The big biotech controversy of last year was over the ethics of using CRISPR to edit human embryos – something which a team of Chinese scientists did last April. The possibility of designer babies led to a major scientific summit meeting, hosted by the National Academy of Sciences, during which the attendees concluded that “It would be irresponsible to proceed with any clinical use of germline editing” until safety concerns are allayed and society comes closer to an ethical consensus.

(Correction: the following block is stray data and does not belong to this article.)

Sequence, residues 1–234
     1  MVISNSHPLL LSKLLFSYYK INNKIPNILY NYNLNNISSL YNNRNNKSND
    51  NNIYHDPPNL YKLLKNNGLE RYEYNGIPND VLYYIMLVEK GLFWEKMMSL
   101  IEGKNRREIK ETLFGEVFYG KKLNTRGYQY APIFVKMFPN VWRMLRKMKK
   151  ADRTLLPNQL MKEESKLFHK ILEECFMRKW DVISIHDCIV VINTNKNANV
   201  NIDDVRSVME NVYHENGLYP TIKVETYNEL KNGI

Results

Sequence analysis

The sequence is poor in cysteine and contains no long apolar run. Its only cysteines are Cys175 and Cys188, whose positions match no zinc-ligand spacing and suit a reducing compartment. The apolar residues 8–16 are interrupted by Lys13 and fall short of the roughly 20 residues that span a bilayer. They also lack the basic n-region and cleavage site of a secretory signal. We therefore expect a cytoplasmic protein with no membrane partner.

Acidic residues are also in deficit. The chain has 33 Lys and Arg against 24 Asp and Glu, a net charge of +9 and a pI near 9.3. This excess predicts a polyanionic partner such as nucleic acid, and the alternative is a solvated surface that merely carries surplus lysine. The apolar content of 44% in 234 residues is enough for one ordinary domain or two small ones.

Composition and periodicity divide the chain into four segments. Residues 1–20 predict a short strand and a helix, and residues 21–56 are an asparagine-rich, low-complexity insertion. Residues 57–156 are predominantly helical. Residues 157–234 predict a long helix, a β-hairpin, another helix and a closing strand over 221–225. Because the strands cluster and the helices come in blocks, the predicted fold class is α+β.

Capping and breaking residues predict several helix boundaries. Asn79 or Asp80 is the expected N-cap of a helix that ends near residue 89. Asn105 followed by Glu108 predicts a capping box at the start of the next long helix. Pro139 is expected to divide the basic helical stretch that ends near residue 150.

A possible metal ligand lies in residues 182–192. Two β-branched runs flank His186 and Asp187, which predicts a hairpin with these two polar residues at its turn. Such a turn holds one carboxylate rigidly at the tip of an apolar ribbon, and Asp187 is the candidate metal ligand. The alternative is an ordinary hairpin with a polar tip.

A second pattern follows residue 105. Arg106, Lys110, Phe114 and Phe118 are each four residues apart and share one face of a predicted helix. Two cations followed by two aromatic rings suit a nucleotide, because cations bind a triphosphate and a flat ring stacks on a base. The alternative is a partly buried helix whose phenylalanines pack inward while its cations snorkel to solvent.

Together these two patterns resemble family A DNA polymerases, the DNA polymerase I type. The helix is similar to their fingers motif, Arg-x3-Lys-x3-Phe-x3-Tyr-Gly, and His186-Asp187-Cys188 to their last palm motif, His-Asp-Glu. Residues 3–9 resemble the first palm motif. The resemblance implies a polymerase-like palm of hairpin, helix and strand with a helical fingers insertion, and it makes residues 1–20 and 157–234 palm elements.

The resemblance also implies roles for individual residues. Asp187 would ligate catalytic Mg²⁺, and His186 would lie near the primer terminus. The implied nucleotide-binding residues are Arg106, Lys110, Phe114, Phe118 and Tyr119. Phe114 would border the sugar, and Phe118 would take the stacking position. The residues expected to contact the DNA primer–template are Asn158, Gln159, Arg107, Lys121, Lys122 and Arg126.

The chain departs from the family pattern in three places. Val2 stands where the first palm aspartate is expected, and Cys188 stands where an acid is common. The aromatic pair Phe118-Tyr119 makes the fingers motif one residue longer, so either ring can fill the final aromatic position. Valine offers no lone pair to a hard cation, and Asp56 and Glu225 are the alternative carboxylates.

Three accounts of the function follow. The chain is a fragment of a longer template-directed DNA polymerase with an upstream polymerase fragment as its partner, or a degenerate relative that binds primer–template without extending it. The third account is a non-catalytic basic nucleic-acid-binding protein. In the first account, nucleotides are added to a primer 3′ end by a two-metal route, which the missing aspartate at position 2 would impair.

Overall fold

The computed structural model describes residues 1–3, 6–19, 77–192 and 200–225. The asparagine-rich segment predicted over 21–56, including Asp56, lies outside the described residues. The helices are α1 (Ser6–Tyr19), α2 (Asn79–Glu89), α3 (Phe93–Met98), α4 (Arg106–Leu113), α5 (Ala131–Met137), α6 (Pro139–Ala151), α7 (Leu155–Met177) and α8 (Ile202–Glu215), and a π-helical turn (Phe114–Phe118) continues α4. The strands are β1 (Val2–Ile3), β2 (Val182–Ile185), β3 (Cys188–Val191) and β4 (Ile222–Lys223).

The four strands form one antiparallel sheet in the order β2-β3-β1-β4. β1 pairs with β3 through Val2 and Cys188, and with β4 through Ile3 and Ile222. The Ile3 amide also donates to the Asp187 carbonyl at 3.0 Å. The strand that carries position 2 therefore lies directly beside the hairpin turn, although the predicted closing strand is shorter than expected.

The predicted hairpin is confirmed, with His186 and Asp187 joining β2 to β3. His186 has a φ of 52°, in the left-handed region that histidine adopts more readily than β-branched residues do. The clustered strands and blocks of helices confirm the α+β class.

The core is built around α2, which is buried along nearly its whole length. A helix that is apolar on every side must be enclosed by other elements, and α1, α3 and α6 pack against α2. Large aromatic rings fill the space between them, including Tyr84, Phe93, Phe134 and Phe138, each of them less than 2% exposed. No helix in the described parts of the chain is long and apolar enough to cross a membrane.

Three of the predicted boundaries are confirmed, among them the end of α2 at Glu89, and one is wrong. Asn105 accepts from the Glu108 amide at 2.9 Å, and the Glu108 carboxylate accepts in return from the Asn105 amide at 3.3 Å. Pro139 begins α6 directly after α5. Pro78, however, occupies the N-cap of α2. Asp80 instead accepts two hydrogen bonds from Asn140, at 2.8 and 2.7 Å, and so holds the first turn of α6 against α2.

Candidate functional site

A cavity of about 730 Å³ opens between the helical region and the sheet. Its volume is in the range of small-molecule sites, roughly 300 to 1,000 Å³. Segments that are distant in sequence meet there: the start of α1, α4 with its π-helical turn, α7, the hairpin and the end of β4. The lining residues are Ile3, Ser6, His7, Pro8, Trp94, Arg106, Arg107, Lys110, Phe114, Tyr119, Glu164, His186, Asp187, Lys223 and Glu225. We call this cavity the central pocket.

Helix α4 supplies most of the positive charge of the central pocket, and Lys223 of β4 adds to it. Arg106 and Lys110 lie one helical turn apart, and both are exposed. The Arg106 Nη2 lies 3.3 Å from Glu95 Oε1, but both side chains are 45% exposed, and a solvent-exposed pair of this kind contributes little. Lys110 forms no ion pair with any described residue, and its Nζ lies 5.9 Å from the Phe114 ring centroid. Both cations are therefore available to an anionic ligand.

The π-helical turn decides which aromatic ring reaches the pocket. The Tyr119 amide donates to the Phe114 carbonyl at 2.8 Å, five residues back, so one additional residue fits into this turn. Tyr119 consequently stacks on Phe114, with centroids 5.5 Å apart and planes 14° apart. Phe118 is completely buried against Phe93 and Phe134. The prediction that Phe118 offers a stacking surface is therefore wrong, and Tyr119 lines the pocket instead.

While the world was fretting about edited embryos, scientists introduced an even more ethically fraught biotechnology: gene drives, a tool to genetically modify organisms in the wild. Gene drives have the potential to do a lot of good, by controlling disease vectors like malaria-bearing mosquitos. But if you thought GMO crops were controversial, just wait to see how people react to GMO wild organisms.
I cover the new CRISPR-based gene drive technologies in my latest Pacific Standard column. Here’s the tl;dr version: Gene drives can do a lot of good, but because they are simple to make, and because their consequences aren’t confined by political borders, we’re going to have a hell of a time ensuring they’re used responsibly.